Lighting is an absolutely essential component of any interior space, and can have a strong, immediate effect on a room’s atmosphere. The right lighting can be transformative, improving the quality of life within the space and elevating your work as an interior designer, while the wrong lighting has the potential to make a space feel smaller than it is, as well as having a negative impact on your client’s mood.
As a design professional, your clients will seek your expertise as they choose lighting for each room in their home. It is imperative, therefore, to ensure that you are knowledgeable about lighting fixtures that benefit the earth as well as your client’s budget, and this is where energy-efficient lighting comes in.
Performance standards for lighting in both Canada and the U.S have changed over the past few years, so being up-to-date on these standards is extremely important, as well as having an overall understanding of energy-efficient lighting. Read on for our helpful guide, including the options available, common misconceptions, and which lights to use in certain rooms within the home.
What is Energy-Efficient Lighting?
When it comes to reducing greenhouse gas emissions, increased performance standards have come into effect for lighting over the past few years, and incandescent bulbs have been switched to energy-efficient lightbulbs in an effort to save energy.
So, what exactly are energy-efficient lightbulbs? We’ve always chosen our lightbulbs by watts, but watts actually measure the amount of energy required, while lumens measure the amount of light produced. New regulations dictate that we now measure by lumens instead of watts, although you’ll still see watts listed on lighting packages (they’ll just be much lower).
Energy-efficient lighting options include compact fluorescent lightbulbs (CFLs), halogen bulbs, and light emitting diodes (LEDs). From these three types, LEDs are the most popular, even more so than fluorescent lights! And it’s no wonder—LED bulbs have a similar light quality to traditional lights, use less energy than CFLs, and are long lasting. Over the last three years, these three lightbulb options have become the new minimum energy performance standards for light bulbs, which is very important information for an interior designer to be mindful of, and share with clients.
Common Misconceptions Regarding Energy-Efficient Lighting
As with any utility that claims to be a better environmental choice, there are often misconceptions about what the product contains, and its overall safety. Here, we break down some facts:
Price: Energy-efficient lighting tends to be more expensive than traditional incandescent bulbs, so many people choose to bypass these options. However, newer energy-efficient bulbs, such as halogen lights, CFLs and LEDs cost less to operate, which will actually save your client money over the life of the bulb! Newer bulbs will last longer than traditional bulbs, so they will not need to be replaced as often.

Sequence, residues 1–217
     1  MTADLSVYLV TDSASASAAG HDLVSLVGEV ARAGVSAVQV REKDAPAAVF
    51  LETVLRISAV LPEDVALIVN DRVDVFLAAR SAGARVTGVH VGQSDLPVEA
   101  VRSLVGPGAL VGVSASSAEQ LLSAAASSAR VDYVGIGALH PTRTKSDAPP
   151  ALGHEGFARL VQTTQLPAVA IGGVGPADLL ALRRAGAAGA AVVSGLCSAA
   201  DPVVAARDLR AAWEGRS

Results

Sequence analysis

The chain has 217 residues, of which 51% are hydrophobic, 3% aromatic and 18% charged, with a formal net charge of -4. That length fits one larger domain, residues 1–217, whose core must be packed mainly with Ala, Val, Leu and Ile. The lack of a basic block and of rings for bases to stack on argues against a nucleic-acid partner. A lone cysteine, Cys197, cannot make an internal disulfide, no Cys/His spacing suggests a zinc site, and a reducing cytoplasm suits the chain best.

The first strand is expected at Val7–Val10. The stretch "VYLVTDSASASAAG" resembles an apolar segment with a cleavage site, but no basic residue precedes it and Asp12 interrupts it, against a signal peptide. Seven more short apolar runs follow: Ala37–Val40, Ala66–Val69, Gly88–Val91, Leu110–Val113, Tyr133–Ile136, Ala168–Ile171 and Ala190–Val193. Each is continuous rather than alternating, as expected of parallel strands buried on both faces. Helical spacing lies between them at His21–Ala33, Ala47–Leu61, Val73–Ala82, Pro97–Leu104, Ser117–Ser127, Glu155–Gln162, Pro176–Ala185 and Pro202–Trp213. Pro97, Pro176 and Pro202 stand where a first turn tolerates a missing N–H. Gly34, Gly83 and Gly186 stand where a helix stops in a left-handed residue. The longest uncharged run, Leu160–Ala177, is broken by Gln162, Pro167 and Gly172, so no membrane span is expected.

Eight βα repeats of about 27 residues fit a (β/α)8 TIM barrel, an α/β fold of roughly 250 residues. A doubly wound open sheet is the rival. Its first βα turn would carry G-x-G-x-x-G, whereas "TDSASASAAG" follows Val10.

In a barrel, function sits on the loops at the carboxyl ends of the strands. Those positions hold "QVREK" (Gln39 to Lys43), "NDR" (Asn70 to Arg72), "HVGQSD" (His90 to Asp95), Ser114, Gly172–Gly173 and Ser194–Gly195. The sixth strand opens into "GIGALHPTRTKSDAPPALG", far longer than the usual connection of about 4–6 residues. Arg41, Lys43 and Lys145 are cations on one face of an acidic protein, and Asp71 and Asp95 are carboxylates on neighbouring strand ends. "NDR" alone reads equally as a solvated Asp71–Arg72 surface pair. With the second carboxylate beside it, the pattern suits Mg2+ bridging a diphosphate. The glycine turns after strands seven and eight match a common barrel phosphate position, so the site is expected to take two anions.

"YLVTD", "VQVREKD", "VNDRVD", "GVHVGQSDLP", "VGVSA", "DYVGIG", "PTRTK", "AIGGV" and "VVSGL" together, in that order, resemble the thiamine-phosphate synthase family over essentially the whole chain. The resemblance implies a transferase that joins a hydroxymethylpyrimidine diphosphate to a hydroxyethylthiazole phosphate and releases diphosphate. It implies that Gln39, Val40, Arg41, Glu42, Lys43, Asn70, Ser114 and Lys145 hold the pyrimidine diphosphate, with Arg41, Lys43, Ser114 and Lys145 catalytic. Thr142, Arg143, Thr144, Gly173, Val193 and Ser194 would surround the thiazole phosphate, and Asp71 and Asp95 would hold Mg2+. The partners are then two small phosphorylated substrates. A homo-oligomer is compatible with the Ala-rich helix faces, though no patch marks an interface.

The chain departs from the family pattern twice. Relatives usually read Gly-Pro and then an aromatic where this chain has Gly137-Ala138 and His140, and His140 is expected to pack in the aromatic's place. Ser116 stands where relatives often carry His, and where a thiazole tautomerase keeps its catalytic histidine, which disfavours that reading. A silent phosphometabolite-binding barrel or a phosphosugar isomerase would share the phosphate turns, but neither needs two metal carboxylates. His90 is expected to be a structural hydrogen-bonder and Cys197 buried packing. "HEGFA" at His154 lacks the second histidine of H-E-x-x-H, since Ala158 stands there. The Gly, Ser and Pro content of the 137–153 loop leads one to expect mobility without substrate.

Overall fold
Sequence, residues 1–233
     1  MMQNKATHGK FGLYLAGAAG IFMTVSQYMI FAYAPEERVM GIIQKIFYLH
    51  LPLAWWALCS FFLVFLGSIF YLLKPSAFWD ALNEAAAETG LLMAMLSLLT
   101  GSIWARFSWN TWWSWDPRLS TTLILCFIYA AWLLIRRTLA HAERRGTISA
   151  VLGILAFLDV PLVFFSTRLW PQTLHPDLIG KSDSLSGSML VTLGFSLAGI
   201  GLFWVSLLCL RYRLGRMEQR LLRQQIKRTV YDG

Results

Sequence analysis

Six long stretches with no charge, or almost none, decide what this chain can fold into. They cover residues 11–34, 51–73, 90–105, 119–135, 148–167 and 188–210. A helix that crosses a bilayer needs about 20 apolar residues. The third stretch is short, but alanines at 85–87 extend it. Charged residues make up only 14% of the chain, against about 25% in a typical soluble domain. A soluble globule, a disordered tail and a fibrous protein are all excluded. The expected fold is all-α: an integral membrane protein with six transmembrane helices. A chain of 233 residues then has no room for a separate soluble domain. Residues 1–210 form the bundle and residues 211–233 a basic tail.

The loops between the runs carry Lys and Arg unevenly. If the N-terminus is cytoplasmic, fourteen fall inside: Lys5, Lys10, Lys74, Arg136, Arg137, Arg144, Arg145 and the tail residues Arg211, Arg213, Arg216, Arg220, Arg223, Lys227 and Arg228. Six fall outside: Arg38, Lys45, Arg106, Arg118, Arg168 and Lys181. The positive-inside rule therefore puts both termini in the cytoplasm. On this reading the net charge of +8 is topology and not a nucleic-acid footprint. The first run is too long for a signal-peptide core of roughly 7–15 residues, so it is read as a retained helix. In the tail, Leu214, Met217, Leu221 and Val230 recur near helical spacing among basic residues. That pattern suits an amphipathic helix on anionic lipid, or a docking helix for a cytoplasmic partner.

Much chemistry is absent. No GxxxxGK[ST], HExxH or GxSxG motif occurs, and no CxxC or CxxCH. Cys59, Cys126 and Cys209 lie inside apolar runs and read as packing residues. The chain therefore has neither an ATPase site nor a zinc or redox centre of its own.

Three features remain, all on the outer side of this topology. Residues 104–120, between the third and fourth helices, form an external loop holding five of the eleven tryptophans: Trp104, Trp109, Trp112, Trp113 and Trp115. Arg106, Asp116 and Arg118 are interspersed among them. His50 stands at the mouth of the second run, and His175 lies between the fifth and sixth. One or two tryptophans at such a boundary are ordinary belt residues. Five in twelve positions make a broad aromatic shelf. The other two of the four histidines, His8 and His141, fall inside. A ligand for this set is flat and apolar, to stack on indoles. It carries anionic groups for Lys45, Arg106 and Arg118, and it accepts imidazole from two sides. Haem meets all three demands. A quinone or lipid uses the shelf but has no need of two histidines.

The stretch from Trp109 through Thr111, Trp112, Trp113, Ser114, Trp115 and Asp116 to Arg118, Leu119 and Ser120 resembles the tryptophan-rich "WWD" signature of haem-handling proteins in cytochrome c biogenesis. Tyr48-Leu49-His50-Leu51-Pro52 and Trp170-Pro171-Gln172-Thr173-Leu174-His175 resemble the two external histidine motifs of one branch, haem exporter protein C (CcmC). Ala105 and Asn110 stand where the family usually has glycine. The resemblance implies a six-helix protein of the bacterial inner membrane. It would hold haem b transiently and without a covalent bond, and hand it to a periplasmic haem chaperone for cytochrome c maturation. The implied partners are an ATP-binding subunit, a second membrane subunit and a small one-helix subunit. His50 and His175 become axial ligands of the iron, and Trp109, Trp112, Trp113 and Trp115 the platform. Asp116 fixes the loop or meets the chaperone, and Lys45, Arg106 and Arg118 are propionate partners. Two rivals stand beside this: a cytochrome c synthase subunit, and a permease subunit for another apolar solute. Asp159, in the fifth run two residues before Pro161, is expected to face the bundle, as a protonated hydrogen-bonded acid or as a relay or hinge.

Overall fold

Safety: Due to the fact that these types of bulbs save on energy, a common misconception is that there are large quantities of hazardous chemicals present within the bulbs. CFLs do contain a small amount of mercury, but it is much less than the mercury found in some types of batteries, and instructions with the bulbs state that they should be properly disposed of due to their mercury content (specifically, recycled so they do not end up in a landfill). Currently, CFLs are being phased out, due to their mercury content, while halogen and LED light bulbs meet lighting standards, and are mercury-free.
Benefits: Although energy-efficient lighting options have been available for years, there is still skepticism surrounding their benefits. CFLs are extremely long lasting, with a lifespan of 100,000 hours. They will also reduce your client’s electrical bill by 90%, even though they may cost slightly more to purchase, and are much harder to break than incandescent bulbs. These are just some of the benefits of energy-efficient lighting—ultimately, less electricity is used with these bulbs which reduces greenhouse gas emissions, making a huge difference in the environment.
How to Use Energy-Efficient Lighting
LEDs and CFLs can be used in different ways throughout the home, and there are certain areas in which each option can enhance the space best.
LED lights have a versatile color range which includes natural white, warm white, cold white, and amber! This type of light is ideal in a workspace environment such as a kitchen or office, as it creates an atmosphere of alertness and energy. This type of bulb also works well over a desk, as it is focused and bright.
CFL lights, by contrast, are better suited to a space such as a living room or bedroom, as they emit a cooler tone. These are relaxed spaces, so having a bulb that promotes tranquility is a great choice.